Fox News faces a choice between Trump and DeSantis after halftime

Top talent at Fox News, and leaders in conservative media generally, will have to decide in the coming months: who would be the best Republican to support in a possible conflict over the 2024 GOP presidential nomination—former President Trump or the governor of Florida? Ron DeSantis?

Trump is expected to announce a third presidential bid Tuesday, while DeSantis this week handed Republicans one of Florida’s widest statewide victories in recent memory.

During his time in the White House, Trump was able to count on Fox and his top anchors for near-constant coverage and partisan approval.

But there have been signs of a departure from Trump at Fox for months, and the network’s praise of DeSantis before and after his dominant reelection win has raised questions about who it might be leaning on in 2024.

“When Rupert Murdoch speaks, people listen. So what’s happening at Fox is very important, especially for Republican Party politics,” said Darrell West, vice president for governance studies at the Brookings Institution. “They have a direct pipeline to the grassroots, so how they feel about Trump and other candidates will be very important.”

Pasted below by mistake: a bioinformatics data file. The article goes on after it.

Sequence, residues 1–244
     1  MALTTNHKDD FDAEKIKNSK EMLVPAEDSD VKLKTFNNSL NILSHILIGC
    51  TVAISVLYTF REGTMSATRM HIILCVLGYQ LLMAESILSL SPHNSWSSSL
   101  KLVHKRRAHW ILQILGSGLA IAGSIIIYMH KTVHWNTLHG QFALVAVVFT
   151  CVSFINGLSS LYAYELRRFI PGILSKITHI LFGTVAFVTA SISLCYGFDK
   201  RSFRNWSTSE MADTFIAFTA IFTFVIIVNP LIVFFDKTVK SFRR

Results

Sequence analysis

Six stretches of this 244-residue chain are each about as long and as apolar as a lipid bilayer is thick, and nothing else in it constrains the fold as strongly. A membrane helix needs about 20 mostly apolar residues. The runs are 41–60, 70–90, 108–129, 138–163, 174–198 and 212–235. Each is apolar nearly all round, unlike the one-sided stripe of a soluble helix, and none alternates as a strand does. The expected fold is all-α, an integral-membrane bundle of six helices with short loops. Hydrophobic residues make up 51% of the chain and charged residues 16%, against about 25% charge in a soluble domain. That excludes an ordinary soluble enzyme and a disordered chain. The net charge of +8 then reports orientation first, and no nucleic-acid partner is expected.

DeSantis’ convincing win in Florida was covered extensively on Fox this week, with hosts and guests calling it a bright spot and cause for optimism for the Republican future.

Regardless, a number of Trump-backed candidates lost key races, raising questions about whether it’s time for the GOP to walk away from Trump.

Attacks by Trump on DeSantis and Virginia Gov. Glenn Youngkin have also not gone down well with many Republicans. Both DeSantis and Youngkin are considered potential rivals for Trump in a 2024 contest.

“Trump may be willing to play dirty to win the GOP nomination in 2024. If he does so, not only will he cement the contempt with which many in his party view him today, he will once again crush the Republicans’ chances of defeating the Democrats,” he wrote to columnist Liz Peek in an op-ed that summarizes it was published on this week. “Let’s hope that the millions of Americans who supported Trump in 2016 and again in 2020 will begin to realize that his time is up. If you like his politics, you must swear allegiance to Ron DeSantis, who has never lost a campaign and who emerged from this midterm election as a big winner.”